Source: Mindset Works

The Class of 2021 – 30 Things You Need To Know

Each fall, I provide Beloit College’s overview about the incoming class of college freshmen. This year’s list is a bit different for me as these attributes reflect the mindsets of students born in 1999. This is the birth year of our firstborn son who began his Computer Science program last week. So if you are getting to be an old guy like me, today’s blog may be more than just facts!

I have edited Beloit’s list to 30 items. The complete list can be accessed at the link above.

  1. Their classmates could include Eddie Murphy’s Zola and Mel Gibson’s Tommy, or Jackie Evancho singing down the hall.
  2. They are the last class to be born in the 1900s, the last of the Millennials —  enter next year, on cue, Generation Z! (though this may be disputed by some who would state that Gen Z began graduating from University last spring).
  3. They are the first generation for whom a “phone” has been primarily a video game, direction finder, electronic telegraph, and research library.
  4. Electronic signatures have always been as legally binding as the pen-on-paper kind.
  5. In college, they will often think of themselves as consumers, who’ve borrowed a lot of money to be there.
  6. Peanutscomic strips have always been repeats.
  7. They have largely grown up in a floppy-less world.
  8. There have always been emojis to cheer us up.
  9. It is doubtful that they have ever used or heard the high-pitched whine of a dial-up modem.
  10. They are the first generation to grow up with Watson outperforming Sherlock.
  11. Amazon has always invited consumers to follow the arrow from A to Z.
  12. Their folks have always been able to get reward points by paying their taxes to the IRS on plastic.
  13. In their lifetimes, Blackberryhas gone from being a wild fruit to being a communications device to becoming a wild fruit again.
  14. They have always been searching for Pokemon.
  15. Dora the Explorerand her pet monkey Boots helped to set them on the course of discovery.
  16. By the time they entered school, laptops were outselling desktops.
  17. Once on campus, they will find that college syllabi, replete with policies about disability, non-discrimination, and learning goals, might be longer than some of their reading assignments.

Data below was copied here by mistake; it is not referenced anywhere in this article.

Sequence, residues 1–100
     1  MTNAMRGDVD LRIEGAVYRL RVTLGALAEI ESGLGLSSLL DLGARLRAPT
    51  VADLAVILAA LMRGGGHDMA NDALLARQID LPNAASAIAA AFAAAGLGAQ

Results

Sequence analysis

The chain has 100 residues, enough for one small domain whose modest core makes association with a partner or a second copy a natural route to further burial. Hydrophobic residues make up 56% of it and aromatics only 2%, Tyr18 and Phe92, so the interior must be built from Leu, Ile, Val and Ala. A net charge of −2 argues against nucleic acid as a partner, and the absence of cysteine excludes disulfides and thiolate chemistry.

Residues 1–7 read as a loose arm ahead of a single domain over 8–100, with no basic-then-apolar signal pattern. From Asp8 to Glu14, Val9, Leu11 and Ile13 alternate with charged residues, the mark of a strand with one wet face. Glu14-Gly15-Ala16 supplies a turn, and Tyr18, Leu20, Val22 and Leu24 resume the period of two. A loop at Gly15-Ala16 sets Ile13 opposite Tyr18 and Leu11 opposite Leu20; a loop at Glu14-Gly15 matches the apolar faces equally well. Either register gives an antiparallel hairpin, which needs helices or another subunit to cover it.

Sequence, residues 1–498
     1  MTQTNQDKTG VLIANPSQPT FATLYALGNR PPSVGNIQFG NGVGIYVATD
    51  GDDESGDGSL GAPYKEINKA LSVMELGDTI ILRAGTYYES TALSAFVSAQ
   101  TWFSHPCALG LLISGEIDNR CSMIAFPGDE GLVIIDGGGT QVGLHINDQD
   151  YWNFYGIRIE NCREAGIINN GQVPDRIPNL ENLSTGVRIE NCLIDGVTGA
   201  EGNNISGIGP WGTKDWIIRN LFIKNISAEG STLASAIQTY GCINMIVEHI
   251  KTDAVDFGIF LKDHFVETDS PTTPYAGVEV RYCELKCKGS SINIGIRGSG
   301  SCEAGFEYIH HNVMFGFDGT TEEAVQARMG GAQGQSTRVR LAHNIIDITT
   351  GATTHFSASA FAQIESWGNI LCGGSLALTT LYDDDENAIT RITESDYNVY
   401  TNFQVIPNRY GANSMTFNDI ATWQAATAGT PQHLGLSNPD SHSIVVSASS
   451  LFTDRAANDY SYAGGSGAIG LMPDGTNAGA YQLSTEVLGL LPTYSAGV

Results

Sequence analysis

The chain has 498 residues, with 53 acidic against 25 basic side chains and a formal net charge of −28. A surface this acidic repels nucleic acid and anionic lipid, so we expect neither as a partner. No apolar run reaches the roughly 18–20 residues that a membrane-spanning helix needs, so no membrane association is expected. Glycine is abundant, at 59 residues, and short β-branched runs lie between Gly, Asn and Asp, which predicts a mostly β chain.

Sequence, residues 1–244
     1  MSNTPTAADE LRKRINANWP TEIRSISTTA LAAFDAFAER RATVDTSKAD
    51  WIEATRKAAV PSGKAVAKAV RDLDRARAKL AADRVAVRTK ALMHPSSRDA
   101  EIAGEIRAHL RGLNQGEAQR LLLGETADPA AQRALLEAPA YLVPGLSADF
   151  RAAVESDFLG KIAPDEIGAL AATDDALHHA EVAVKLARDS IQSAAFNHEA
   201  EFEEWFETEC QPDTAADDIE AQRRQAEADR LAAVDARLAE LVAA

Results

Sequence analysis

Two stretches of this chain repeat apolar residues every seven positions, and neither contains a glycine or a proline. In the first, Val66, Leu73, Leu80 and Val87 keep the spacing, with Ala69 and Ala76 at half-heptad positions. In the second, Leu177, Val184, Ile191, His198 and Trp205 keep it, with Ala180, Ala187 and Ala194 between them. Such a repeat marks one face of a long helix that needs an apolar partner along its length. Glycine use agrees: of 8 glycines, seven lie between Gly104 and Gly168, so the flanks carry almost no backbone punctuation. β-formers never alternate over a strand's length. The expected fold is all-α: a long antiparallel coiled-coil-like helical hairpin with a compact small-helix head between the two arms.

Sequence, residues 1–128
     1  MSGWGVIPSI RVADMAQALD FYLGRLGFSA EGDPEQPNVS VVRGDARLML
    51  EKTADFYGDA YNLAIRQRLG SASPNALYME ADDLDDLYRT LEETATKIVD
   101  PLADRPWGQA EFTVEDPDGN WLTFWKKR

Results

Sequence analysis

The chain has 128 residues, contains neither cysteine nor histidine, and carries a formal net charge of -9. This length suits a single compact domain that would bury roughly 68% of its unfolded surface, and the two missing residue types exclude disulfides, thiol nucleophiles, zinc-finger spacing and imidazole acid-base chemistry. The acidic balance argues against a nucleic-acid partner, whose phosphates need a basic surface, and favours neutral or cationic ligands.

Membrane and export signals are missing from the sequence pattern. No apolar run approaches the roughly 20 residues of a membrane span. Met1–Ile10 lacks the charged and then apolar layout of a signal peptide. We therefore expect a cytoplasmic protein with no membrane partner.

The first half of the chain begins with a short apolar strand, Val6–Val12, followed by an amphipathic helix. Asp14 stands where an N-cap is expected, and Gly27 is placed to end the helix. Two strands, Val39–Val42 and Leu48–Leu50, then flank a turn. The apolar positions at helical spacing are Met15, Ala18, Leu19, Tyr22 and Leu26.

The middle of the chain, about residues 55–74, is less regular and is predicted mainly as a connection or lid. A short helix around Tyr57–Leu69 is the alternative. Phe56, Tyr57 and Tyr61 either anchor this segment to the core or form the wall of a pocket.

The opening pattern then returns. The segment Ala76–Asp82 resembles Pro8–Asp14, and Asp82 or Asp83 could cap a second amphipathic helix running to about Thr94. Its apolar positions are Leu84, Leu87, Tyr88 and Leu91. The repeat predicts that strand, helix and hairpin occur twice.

18. As toddlers they may have dined on some of that canned food hoarded in case of Y2K.
  19. Whatever the subject, there’s always been a blog for it.
  20. Globalization has always been both a powerful fact of life and a source of incessant protest.
  21. One out of four major league baseball players has always been born outside the United States.
  22. A movie scene longer than two minutes has always seemed like an eternity.
  23. The Latin music industry has always had its own Grammy Awards.
  24. As toddlers, they may have taught their grandparents how to Skype.
  25. The BBC has always had a network in the U.S. where they speak American.
  26. There has always been a Monster in their corner when looking for a job.
  27. Wikipedia has steadily gained acceptance by their teachers.
  28. Justin Timberlake has always been a solo act.
  29. Women have always scaled both sides of Everest and rowed across the Atlantic.
  30. Bill Clinton has always been Hillary Clinton’s aging husband.

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Jeff Suderman is a futurist, consultant, and professor who works in the field of organizational development. He partners with clients to improve culture, leadership, teamwork, organizational alignment, strategy and organizational future-readiness. He resides in Palm Desert, California. Twitter: @jlsuderman Email: jeff@jeffsuderman.com